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The Journey To The East (Book Review)

Funny, engaging, can read in one sitting. Author Herman Hesse seems to be poking fun of himself in this book, with the main character, H.H., determined to write a novel about an enlightenment, but unable to realize his own blindness to the world’s answers. The author of Steppenwolf and Siddhartha, I have never read a book by Hesse that didn’t inspire deep introspection and the beautiful horror of the present moment.

How to write about the travels to the East without exposing the Leagues’ “secrets”? H.H. muses:

“One paradox, however, must be accepted and this is that it is necessary to continually attempt the seemingly impossible.”

While trying to recount his travels with The League, H.H. continually gets caught up on a single day during the trip when their servant, Leo disappears. Later in the book, he tracks down the lost Leo, and Leo doesn’t seem to recognize H.H. or answer his questions. He seems to be on his own playing field, summing his life philosophy up as follows:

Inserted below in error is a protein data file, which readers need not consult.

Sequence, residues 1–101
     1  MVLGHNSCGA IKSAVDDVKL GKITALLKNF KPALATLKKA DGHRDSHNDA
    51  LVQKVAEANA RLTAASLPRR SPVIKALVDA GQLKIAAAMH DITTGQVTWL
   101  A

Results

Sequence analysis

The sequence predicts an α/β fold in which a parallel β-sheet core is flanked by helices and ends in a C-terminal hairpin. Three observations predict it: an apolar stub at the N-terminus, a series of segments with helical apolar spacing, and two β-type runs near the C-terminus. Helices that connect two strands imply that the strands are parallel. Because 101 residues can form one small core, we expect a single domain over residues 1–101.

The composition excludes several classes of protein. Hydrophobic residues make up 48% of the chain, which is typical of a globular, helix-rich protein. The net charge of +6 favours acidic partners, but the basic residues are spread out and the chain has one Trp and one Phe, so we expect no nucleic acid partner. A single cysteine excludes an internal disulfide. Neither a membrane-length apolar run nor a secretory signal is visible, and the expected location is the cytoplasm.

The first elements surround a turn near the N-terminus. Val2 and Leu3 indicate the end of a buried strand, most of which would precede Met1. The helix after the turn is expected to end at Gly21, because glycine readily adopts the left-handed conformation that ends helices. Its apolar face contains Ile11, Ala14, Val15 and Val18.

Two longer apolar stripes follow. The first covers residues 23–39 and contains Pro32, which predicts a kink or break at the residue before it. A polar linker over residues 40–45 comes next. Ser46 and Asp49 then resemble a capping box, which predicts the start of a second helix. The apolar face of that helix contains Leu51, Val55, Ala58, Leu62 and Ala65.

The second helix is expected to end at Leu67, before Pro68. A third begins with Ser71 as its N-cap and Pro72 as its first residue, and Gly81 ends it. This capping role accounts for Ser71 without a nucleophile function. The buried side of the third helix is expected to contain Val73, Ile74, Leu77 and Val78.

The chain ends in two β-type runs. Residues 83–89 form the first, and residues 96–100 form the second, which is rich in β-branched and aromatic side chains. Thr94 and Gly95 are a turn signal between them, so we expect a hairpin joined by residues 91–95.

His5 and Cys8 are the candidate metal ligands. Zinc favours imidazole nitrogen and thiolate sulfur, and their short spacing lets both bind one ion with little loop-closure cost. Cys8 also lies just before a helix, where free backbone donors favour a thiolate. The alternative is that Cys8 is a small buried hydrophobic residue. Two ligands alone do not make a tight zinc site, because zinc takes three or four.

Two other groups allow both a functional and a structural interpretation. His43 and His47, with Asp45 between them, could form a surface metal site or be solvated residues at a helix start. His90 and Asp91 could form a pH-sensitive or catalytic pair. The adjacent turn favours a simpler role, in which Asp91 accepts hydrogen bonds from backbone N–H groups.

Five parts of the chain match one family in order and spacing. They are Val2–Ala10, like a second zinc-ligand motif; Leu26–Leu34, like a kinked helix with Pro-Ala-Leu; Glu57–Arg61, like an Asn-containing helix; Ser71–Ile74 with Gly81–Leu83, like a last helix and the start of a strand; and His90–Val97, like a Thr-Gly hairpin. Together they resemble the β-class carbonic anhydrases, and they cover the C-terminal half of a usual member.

“That is just what life is when it is beautiful and happy- a game! Naturally, one can also do all kinds of other things with it, make a duty of it, or a battleground, or a prison, but that does not make it any prettier.”

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© Copyright 2018 Annie Windholz

midwestern librarian, writer, activist. subscribe —

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